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Could someone explain how that derivative was arrived at.

According to me, the derivative of $\log(\text{softmax})$ is
$$ \nabla\log(\text{softmax}) = \begin{cases} 1-\text{softmax}, & \text{if $i=j$} \\ -\text{softmax}, & \text{if $i \neq j$} \end{cases} $$ Where did that expectation come from? $\phi(s,a)$ is a vector, $\theta$ is also a vector. $\pi(s,a)$ denotes the probability of taking action a in state s.

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1 Answer 1

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The derivation of the softmax score function (aka eligibility vector) is as follows:

First, note that: $$\pi_\theta(s,a) = softmax = \frac{e^{\phi(s,a)^\intercal\theta}}{\sum_{k=1}^Ne^{\phi(s,a_k)^\intercal\theta}}$$

The important bit here is that the slide only identifies the proportionality, not the full softmax function which requires the normalization factor.

Continuing the derivation:

Using the $\log$ identity $\log(x/y) = \log(x) - \log(y)$ we can write $$\log(\pi_\theta(s,a)) = \log(e^{\phi(s,a)^\intercal\theta}) - \log(\sum_{k=1}^Ne^{\phi(s,a_k)^\intercal\theta}) $$

Now take the gradient:

$$\nabla_\theta\log(\pi_\theta(s,a)) = \nabla_\theta\log(e^{\phi(s,a)^\intercal\theta}) - \nabla_\theta\log(\sum_{k=1}^Ne^{\phi(s,a_k)^\intercal\theta})$$

The left term simplifies as follows:

$$left= \nabla_\theta\log(e^{\phi(s,a)^\intercal\theta}) = \nabla_\theta\phi(s,a)^\intercal\theta = \phi(s,a)$$

The right term simplifies as follows:

Using the chain rule: $$\nabla_x\log(f(x)) = \frac{\nabla_xf(x)}{f(x)}$$

We can write:

$$right = \nabla_\theta\log(\sum_{k=1}^Ne^{\phi(s,a_k)^\intercal\theta}) = \frac{\nabla_\theta\sum_{k=1}^Ne^{\phi(s,a_k)^\intercal\theta}}{\sum_{k=1}^Ne^{\phi(s,a_k)^\intercal\theta}}$$

Taking the gradient of the numerator we get:

$$right = \frac{\sum_{k=1}^N{\phi(s,a_k)}e^{\phi(s,a_k)^\intercal\theta}}{\sum_{k=1}^Ne^{\phi(s,a_k)^\intercal\theta}}$$

Substituting the definition of $\pi_\theta(s,a)$ we can simplify to:

$$right = \sum_{k=1}^N{\phi(s,a_k)}\pi_\theta(s,a_k)$$

Given the definition of Expected Value:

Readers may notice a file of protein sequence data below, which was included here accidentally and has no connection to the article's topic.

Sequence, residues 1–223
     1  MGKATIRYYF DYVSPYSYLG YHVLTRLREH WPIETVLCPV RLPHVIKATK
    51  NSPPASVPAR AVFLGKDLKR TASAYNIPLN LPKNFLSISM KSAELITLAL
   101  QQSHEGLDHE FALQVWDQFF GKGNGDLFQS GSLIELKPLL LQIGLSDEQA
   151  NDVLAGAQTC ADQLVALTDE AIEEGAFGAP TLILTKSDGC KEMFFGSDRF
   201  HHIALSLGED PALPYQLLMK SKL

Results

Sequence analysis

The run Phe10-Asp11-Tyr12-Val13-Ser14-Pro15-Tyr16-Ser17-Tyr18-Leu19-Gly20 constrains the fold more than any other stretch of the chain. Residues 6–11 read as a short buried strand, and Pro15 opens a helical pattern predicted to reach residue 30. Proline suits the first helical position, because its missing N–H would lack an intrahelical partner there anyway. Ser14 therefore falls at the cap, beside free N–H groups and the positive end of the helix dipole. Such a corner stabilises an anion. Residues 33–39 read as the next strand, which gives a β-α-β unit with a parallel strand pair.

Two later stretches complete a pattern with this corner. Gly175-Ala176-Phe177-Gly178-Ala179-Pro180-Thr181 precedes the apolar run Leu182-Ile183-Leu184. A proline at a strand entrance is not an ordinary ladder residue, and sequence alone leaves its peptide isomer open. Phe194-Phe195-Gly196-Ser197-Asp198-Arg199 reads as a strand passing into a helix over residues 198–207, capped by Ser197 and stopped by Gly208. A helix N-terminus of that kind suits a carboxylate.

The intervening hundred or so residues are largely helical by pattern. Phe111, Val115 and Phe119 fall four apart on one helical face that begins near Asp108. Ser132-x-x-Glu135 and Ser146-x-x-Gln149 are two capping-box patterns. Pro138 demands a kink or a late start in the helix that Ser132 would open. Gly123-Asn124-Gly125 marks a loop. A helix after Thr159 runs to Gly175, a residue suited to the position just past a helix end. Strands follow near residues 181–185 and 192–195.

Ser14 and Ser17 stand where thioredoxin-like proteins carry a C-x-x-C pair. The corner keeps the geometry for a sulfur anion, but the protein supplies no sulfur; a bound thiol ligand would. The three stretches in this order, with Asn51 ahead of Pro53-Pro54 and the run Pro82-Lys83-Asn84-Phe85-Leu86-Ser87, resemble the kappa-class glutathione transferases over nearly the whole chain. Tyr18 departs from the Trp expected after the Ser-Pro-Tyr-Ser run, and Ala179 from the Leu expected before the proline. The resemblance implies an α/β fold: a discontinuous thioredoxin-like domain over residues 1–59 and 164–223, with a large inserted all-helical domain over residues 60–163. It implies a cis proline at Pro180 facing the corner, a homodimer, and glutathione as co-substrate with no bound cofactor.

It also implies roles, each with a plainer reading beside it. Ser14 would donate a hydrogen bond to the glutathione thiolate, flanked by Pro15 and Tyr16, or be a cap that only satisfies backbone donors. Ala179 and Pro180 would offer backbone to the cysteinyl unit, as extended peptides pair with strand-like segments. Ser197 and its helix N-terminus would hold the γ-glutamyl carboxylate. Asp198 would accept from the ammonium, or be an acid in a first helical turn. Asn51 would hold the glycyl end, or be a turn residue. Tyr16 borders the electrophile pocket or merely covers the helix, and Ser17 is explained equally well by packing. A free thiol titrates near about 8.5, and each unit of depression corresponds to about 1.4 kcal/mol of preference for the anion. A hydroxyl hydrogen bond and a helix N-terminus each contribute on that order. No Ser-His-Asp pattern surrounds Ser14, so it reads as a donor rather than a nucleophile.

$$\mathrm{E}[X] = X \cdot P = x_1p_1+x_2p_2+ ... +x_np_n$$

Which in English is just the sum of each feature times its probability.

$$X = features = {\phi(s,a)}$$

$$P = probabilities =\pi_\theta(s,a)$$

So now we can write the expected value of the features:

$$right = \mathrm{E}_{\pi_\theta}[\phi(s,\cdot)]$$

where $\cdot$ means all possible actions.

Putting it all together: $$\nabla_\theta\log(\pi_\theta(s,a)) = left - right = \phi(s,a) - \mathrm{E}_{\pi_\theta}[\phi(s,\cdot)]$$

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  • $\begingroup$ Thanks for such an elaborate explanation :) $\endgroup$ Jul 16, 2017 at 15:45
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    $\begingroup$ Great answer, If I have the right to vote up 100 times, I would do that! $\endgroup$
    – GoingMyWay
    Sep 2, 2017 at 8:45
  • $\begingroup$ What will the equation in case I use State as input and W[state size, actions count] to calculate the SoftMax? $\endgroup$
    – Oleg Dats
    Mar 14, 2018 at 17:21
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    $\begingroup$ I'm just curious but, how far in a university education does one have to go to see this kind of math? Is this reserved for graduate students? $\endgroup$
    – Lex_i
    Dec 3, 2019 at 19:56
  • $\begingroup$ For me, the main insight was to simplify the gradient of the log sum from the denominator of the softmax using the definition of the softmax: $$\pi_{\theta}(s,a)$$. Thanks! $\endgroup$
    – ady
    Jul 22, 2020 at 17:03

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